Earthquake engineering for structural design

Earthquake Engineering for Structural Design

This chapter provides a basic understanding of earthquakes, by first discussing the causes of earthquakes,
then defining commonly used terms, explaining how earthquakes are measured, discussing the distribution
of seismicity, and, finally, explaining how seismicity can be characterized.
Earthquakes are broad-banded vibratory ground motions, resulting from a number of causes
including tectonic ground motions, volcanism, landslides, rockbursts, and man-made explosions. Of
these, naturally occurring tectonic-related earthquakes are the largest and most important. These are
caused by the fracture and sliding of rock along faults within the Earth’s crust. A fault is a zone of the
earth’s crust within which the two sides have moved — faults may be hundreds of miles long, from one
to over one hundred miles deep, and are sometimes not readily apparent on the ground surface.
Earthquakes initiate a number of phenomena or agents, termed seismic hazards, which can cause significant
damage to the built environment — these include fault rupture, vibratory ground motion
(i.e., shaking), inundation (e.g., tsunami, seiche, dam failure), various kinds of permanent ground failure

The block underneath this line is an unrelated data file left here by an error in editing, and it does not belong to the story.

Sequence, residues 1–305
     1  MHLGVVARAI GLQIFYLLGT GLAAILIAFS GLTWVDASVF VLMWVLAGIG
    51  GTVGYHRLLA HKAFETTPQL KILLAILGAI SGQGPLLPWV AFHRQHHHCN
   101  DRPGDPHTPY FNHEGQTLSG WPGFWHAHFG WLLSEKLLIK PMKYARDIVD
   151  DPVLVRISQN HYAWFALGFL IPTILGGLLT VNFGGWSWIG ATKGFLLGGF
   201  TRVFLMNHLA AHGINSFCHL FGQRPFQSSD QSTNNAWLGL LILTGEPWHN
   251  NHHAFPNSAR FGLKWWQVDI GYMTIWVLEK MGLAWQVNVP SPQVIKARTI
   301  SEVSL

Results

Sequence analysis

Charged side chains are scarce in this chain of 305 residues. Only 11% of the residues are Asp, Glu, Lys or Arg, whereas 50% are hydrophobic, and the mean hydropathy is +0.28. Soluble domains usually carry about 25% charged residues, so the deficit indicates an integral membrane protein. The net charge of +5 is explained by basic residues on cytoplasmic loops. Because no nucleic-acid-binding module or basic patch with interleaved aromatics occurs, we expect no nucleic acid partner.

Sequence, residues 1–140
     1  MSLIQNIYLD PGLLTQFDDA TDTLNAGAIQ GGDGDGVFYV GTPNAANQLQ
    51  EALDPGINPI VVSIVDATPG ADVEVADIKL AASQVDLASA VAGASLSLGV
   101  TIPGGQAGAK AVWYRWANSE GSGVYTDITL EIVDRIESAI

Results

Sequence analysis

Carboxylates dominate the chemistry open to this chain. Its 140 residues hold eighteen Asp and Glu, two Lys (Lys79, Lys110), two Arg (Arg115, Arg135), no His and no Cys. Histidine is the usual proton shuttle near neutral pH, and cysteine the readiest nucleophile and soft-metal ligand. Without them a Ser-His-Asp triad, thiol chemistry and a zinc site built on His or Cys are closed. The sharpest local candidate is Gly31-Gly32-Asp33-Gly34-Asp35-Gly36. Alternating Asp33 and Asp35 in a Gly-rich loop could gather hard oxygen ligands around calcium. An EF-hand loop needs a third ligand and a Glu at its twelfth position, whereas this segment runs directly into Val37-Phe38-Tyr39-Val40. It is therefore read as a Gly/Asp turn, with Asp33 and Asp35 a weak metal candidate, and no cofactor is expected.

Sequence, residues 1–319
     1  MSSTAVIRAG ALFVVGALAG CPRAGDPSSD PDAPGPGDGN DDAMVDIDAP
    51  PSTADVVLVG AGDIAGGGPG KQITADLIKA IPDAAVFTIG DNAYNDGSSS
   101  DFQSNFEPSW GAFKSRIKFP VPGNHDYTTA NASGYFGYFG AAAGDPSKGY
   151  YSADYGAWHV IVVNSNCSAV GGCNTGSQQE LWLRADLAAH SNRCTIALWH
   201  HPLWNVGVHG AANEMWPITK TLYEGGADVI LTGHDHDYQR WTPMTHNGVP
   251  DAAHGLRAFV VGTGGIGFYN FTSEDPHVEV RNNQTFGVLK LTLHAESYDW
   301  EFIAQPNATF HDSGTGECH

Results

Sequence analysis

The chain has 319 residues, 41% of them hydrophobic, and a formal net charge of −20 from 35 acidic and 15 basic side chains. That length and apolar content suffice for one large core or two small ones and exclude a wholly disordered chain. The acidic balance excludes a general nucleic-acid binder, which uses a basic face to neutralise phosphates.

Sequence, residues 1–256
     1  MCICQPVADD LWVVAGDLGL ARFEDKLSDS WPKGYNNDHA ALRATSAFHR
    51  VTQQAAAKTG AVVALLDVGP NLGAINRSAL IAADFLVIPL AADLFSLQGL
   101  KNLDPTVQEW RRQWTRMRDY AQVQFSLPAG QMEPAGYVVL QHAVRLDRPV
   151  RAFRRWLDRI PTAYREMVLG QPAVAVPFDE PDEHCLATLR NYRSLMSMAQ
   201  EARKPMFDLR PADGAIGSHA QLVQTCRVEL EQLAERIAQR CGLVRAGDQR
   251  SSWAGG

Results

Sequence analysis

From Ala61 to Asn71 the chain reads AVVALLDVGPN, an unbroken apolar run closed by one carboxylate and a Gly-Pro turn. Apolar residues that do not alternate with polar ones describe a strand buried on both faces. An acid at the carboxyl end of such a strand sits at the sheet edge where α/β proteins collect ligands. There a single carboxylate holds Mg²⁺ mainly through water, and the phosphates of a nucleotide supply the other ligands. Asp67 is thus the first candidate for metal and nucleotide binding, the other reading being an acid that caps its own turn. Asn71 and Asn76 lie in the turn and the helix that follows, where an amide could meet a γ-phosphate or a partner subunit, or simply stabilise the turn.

(e.g., liquefaction), fire, or hazardous materials release. In a particular earthquake event, any particular
hazard can dominate, and historically each has caused major damage and great loss of life in particular

Earthquakes are complex multidimensional phenomena, the scientific analysis of which requires
measurement. Prior to the invention of modern scientific instruments, earthquakes were qualitatively
measured by their effect or intensity, which differed from point to point. With the deployment of
seismometers, an instrumental quantification of the entire earthquake event — the unique magnitude
of the event — became possible. These are still the two most widely used measures of an earthquake,
and a number of different scales for each have been developed, which are sometimes confused


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